Remember the last post I blogged about Semakau? The first photo features Pulau Jong. Here again is another view of Pulau Jong, from far.
Where were we this time? We spent the late afternoon at Kent Ridge, which is within our school. So what can you find in NUS?
Kent Ridge holds a secondary forest which is known as Adinandra belukar. Adinandra belukar is defined as a species-poor, anthropogenic heath forest dominated by tiup tiup.
Look at the dead tree on the right?
Look closer, there are birds resting.
Being a secondary forest, there will be remains of the rubber trees planted in the past. This photo shows the fruit of the rubber tree.
Alex was the plant expert around and he was collecting leaf specimens of plants he was unsure back to the lab so he can identify them and know Kent Ridge holds such flora.
Siyang was attracted to this ant harvesting nectar from the flowers. Alex shares this plant is at least from the genus mikania.
We had a few bird encounters too. This is a hill myna (Gracula religiosa). According to Chek Jawa online guide, Hill mynas eat mostly fruits, foraging for these high in the trees. They are particularly fond of figs. But they also snack on nectar, insects and small lizards. Hill mynas rarely land on the ground and prefer to stay in forested areas. They don't walk, and instead hop along branches.
Hill mynas can mimic other birds, and even whistle tunes and imiate humans. This makes them a favourite target for the caged bird trade.
Another bird we spotted was this drongo.
Another view of the beautiful drongo.
This is a Black-naped Oriole (Oriolus chinensis). According to Sungei Buloh online guide, Black-naped Orioles enjoy a wide menu of plants and animals. They are fond of fruit and berries, particularly figs. Black-naped Orioles rarely descend to the ground. They forage high in trees and usually say within the canopy. Nevertheless, they are not birds of the deep forest. Originally from coastal woodlands and mangroves, they have adapted to cultivated areas and parks and gardens.
Black-naped Orioles are not at risk and rank among the top 10 most common residents in Singapore. They have adjusted very well to humans and are found even in the city. They arrived in Singapore from Indonesia and became established in the 1920's-30's.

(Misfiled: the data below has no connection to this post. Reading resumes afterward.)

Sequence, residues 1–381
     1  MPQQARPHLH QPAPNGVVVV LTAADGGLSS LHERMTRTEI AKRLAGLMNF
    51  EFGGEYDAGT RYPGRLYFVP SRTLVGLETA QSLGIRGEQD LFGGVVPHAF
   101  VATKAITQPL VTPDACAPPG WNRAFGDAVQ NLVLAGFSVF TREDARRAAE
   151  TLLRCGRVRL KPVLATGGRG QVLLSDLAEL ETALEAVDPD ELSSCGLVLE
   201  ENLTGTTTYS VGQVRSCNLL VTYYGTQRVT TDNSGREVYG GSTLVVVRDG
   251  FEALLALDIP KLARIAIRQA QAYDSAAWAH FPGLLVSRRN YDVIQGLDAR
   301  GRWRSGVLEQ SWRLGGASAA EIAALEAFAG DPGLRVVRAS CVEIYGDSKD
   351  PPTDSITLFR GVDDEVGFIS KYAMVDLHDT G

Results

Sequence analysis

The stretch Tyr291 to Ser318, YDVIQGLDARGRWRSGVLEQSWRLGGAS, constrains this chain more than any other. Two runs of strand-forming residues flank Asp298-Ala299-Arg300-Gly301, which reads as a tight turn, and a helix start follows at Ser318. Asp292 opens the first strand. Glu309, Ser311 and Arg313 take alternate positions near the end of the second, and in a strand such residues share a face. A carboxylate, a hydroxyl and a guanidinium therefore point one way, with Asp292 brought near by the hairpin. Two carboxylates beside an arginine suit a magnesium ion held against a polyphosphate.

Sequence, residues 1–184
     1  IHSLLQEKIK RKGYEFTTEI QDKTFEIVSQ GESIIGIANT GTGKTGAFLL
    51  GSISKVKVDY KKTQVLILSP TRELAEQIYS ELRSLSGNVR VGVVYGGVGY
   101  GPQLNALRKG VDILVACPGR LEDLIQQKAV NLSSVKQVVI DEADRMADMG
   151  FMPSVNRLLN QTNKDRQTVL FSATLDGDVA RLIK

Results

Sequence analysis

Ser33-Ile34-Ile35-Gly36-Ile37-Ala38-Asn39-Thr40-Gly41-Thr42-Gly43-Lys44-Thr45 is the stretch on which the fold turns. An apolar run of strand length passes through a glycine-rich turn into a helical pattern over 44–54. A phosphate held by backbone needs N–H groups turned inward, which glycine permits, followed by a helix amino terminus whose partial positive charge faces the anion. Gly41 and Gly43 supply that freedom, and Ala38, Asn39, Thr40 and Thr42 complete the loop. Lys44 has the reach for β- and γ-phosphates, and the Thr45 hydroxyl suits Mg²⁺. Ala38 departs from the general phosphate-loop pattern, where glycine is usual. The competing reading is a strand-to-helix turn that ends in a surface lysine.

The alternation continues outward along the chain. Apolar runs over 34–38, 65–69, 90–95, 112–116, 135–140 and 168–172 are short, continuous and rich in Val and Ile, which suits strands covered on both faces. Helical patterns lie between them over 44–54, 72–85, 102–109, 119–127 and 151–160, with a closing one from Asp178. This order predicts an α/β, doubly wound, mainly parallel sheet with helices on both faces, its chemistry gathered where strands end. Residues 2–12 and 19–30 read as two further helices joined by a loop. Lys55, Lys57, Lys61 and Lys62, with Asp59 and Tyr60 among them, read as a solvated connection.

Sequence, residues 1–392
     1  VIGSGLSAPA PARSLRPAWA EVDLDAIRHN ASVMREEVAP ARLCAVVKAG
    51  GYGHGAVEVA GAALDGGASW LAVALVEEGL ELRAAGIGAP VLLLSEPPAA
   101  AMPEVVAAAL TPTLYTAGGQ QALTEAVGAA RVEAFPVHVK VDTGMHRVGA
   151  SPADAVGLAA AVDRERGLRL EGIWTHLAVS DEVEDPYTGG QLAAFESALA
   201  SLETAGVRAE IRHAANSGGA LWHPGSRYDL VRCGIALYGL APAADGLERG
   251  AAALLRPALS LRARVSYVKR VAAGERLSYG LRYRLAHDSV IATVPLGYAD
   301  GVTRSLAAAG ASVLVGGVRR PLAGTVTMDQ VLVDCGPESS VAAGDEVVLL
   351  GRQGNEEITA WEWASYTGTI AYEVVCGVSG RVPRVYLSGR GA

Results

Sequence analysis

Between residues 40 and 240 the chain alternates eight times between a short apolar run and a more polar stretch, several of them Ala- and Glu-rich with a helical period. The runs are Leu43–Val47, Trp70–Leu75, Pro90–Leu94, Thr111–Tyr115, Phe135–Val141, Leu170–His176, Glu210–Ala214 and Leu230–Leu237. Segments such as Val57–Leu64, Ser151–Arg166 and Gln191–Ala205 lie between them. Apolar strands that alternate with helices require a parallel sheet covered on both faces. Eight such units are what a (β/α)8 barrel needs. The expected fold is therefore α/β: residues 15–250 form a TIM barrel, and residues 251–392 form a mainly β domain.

As we continued to explore the ridge...
Alex pointed out this tree...
and on top, there are creepers over the crown of that tree. Alex shares this is Entada spiralis. Click here to find out why it is called spiralis. The flowers shown here does not belong to the creeper. They belong to the tree (refer to previous photo) being covered by the creeper.
On yet another dead fall, we saw pigeon like birds. On a closer look, they are indeed pigeons. Rather, they are the uncommon pink neck green pigeons.
Also on the same dead fall was a pair of the hill myna.
Although common in Singapore in the past, the Hill mynahs are now considered rare residents and are listed as CITES II. Besides Pulau Ubin, these birds are also found in Pulau Tekong Besar, the central catchment forest and the Singapore Botanic Gardens.
A closer look at the pink neck green pigeon. Do note that only the males have the pink neck. Pink-necked Green Pigeons eat mainly fruits. Their colourful attire allows them to blend perfectly in the foliage of fruiting trees.
Towards the end of the trip, we found huge boulders with signs of marine evidences.
Look at the barnacles. They are evidences that someone took these huge boulders from the seashore up to the ridge. Looks like I can't run away from marine habitat. Haha.
Monday, February 25, 2008
Saturday, February 23, 2008
I went to Semakau Landfill area as a trainee for future guides and we set off from Marina South Pier. And I'm always amazed at this island that some say look like a pimple, some say like a pau. This is Pulau Jong.
According to a local story, a Chinese junk was attacked by Malay pirates one night when the island now is. Just as the pirates were about to board the junk, the captain awoke, and uttered such a frightful yell that the sea spirit turned the whole junk into an island.
Interesting myth isn't it? This island has even more interesting marine life that I hope to visit one day if possible.
While going through the landfill tour, Luan Keng was talking about the great billed heron (Ardea sumatrana) and immediately someone pointed from the bus this one. According to the Bird Ecology Study Group, this bird is claimed to be the tallest resident bird in Singapore. However, this bird is confined to rocky shores and mangroves, mainly on offshore islands and the west coast. It is also locally endangered with only about 20 plus birds left. Internationally, the bird is near-threatened.
After braving the mosquito infested coastal forest especially for those who wore sexily (including Justin), we were out at the intertidal flats discussing about mangroves and the high shores. Walking down, we notice a number of freshly placed bubu traps with chicken or duck claws as bait.
And we saw this man dragging more traps at a far distance away. This is an example of the pressures our marine habitat has to take.
This is a noble volute laying eggs! Volutes are carnivorous as they prey on bivalves, enveloping the victim completely with their foot forcing the bivalve to finally open from exhaustion and lack of oxygen. These pretty snails used to be common but now threaten due to 'harvesting' from humans and habitat lost.
This cute shaped cockle is called a heart cockle. The one we found today is in a stunning red colour!